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Oct 2020
Giant cottonwoods rake
the sky, slake their thirst
below dried-out creek beds.
The sunbaked soil fractures
into pieces of a shattered ***.

Octopus roots root out secret
channels underground, unclogged
by fish, debris or mythological
creatures rising from the rocks.
Trunks molt flattened flagstones

of bark, ragged chunks more gray
than brown, more a coat of armor
for battered torsos, more a pillar of steel
for massive, chipped legs. O Time! Age too
long, and bushy tops topple into the creek.

Leaves rustle like muted cymbals.
Still, there is much to celebrate in such
fearless longevity: Do not Heracles-sized
branches veer off in heroic Y’s that
claw their way higher and higher until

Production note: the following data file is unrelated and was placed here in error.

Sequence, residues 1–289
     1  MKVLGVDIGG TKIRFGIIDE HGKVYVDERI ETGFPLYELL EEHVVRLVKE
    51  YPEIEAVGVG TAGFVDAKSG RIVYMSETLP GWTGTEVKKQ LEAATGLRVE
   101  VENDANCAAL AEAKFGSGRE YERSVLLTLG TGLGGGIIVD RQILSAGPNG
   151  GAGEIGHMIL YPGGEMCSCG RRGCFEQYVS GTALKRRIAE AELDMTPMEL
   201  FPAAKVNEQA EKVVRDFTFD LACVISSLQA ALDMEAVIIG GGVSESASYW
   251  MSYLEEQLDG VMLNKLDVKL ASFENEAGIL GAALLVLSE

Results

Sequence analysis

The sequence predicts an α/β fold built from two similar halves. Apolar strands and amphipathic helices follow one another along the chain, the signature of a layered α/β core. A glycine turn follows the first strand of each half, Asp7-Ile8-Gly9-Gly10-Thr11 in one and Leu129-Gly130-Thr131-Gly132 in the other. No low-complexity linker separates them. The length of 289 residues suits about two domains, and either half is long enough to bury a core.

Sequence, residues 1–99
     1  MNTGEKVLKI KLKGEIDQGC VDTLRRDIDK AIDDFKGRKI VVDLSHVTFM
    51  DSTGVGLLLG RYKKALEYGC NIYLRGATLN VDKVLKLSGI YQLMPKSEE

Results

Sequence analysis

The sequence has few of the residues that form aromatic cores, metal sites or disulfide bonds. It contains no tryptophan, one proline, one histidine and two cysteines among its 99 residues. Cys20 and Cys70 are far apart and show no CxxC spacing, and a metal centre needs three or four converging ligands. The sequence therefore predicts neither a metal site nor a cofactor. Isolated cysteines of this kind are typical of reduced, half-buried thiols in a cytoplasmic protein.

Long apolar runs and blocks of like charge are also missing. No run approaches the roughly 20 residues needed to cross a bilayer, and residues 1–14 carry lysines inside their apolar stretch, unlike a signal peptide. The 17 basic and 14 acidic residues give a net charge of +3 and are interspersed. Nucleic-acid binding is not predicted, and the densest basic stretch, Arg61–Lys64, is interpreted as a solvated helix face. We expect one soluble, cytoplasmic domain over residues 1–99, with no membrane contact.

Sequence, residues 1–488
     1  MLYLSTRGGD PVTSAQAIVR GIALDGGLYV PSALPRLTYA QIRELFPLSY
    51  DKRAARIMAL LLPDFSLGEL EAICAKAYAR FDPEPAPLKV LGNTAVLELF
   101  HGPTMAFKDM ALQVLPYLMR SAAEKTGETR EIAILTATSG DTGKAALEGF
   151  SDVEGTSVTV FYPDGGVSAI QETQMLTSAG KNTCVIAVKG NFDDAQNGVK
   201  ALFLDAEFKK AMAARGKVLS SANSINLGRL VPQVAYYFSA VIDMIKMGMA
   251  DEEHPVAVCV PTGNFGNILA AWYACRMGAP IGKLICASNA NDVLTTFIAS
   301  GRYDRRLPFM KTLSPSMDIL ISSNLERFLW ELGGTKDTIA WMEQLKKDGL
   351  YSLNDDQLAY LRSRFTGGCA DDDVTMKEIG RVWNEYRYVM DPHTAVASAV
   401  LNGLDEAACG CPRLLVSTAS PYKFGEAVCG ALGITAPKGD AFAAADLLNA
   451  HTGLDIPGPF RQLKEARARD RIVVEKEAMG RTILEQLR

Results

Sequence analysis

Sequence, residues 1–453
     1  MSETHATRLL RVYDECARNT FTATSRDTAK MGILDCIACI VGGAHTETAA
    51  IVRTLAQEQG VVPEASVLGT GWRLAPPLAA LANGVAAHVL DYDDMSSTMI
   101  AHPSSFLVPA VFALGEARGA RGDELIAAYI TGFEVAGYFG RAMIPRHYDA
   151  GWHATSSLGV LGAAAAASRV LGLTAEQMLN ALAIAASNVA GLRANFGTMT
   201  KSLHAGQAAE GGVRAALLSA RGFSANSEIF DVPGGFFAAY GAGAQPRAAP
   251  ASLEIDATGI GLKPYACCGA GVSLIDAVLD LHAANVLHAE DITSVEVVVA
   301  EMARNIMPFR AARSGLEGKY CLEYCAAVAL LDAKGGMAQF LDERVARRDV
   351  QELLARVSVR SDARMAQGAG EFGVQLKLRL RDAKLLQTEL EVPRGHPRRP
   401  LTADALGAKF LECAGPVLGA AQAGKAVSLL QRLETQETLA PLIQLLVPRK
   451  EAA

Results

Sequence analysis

they burst through the clouds, free from
the world, frowning down upon it in
verdant condescension? I cannot answer.
Trees soar in silence. I scoot along the creek
bed, scrambling for arrowheads, for some sign

of human presence that shows I, too, belong among
the giants, shooting my roots underground,
rising up as an arbor above the dried-out
shadows, grasping for the sweet sap of longevity.
I shall bite off a bit of bark and bid the world adieu.
Arlice W Davenport
Written by
Arlice W Davenport  M/Kansas
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